GRCh37 · COSMIC v83

Overview

The Cancer Gene Census (CGC) is an ongoing effort to catalogue those genes which contain mutations that have been causally implicated in cancer. The original census and analysis was published in Nature Reviews Cancer.

The census is not static, instead it is updated when new evidence comes to light. In particular we are grateful to Felix Mitelman and his colleagues in providing information on more genes involved in uncommon translocations in leukaemias and lymphomas. Currently, more than 1% of all human genes are implicated via mutation in cancer. Of these, approximately 90% contain somatic mutations in cancer, 20% bear germline mutations that predispose an individual to cancer and 10% show both somatic and germline mutations.

Census tiers

Genes in the Cancer Gene Census are divided into two groups, or tiers.

Tier 1

To be classified into Tier 1, a gene must possess a documented activity relevant to cancer, along with evidence of mutations in cancer which change the activity of the gene product in a way that promotes oncogenic transformation. We also consider the existence of somatic mutation patterns across cancer samples gathered in COSMIC. For instance, tumour suppressor genes often show a broad range of inactivating mutations and dominant oncogenes usually demonstrate well defined hotspots of missense mutations. Genes involved in oncogenic fusions are included in Tier 1 when changes to their function caused by the fusion drives oncogenic transformation, or in cases when they provide regulatory elements to their partners (e.g. active promoter or dimerisation domain).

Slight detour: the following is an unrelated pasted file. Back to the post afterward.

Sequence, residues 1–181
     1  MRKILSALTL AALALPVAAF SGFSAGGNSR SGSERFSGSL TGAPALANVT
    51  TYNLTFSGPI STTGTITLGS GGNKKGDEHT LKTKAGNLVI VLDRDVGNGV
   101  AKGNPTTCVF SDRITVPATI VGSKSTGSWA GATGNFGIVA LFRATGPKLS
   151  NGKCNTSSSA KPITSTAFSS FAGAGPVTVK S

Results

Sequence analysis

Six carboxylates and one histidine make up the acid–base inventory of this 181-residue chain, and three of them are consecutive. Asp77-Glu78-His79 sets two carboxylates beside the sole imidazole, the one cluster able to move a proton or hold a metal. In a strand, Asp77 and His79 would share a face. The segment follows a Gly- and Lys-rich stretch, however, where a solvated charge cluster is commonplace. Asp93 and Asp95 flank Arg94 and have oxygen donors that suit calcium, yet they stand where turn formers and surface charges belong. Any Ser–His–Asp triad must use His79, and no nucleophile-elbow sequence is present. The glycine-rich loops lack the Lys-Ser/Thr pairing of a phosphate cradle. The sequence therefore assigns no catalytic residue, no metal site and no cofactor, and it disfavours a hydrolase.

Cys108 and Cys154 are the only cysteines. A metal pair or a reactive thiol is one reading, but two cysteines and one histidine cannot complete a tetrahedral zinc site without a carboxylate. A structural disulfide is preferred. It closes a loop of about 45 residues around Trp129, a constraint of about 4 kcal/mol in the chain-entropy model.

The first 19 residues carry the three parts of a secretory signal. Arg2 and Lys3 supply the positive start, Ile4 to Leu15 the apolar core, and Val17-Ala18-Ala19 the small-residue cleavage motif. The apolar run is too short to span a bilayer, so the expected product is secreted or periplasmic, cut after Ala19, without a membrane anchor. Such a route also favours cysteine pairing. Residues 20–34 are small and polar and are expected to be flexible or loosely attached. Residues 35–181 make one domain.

Tier 2

A new section of the Census, which consists of genes with strong indications of a role in cancer but with less extensive available evidence. These are generally more recent targets, where the body of evidence supporting their role is still emerging.

Hallmarks

New overviews of cancer gene function focused on hallmarks of cancer pull together manually curated information on the function of proteins coded by cancer genes and summarise the data in simple graphical form. They present a condensed overview of most relevant facts with quick access to the literature source, and define whether a gene has a stimulating or suppressive effect via individual cancer hallmarks. Genes with the hallmark descriptions available are marked with the hallmark icon, that when clicked, opens the hallmark page. Hallmark descriptions will be expanded to encompass more genes and updated on regular basis.

Cancer Gene Census

Showing both tiers Show tier 1 Show tier 2

Breakdown

The gene list has been annotated with information concerning chromosomal location, tumour types in which mutations are found, classes of mutation that contribute to oncogenesis and other genetic properties. We have sorted the data in a number of ways to list subsets of cancer genes with similar features. However, we would recommend that those wishing to scrutinise the list in detail should download it in its entirety from the table in the 'Cancer Gene Census' section.

Abbreviations

This section shows a table of abbreviations used in the census tables.